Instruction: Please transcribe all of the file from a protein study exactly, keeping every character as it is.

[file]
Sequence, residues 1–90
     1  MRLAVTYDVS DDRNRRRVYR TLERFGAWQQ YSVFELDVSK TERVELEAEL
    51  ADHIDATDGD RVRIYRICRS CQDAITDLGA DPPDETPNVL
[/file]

Sequence, residues 1–90
     1  MRLAVTYDVS DDRNRRRVYR TLERFGAWQQ YSVFELDVSK TERVELEAEL
    51  ADHIDATDGD RVRIYRICRS CQDAITDLGA DPPDETPNVL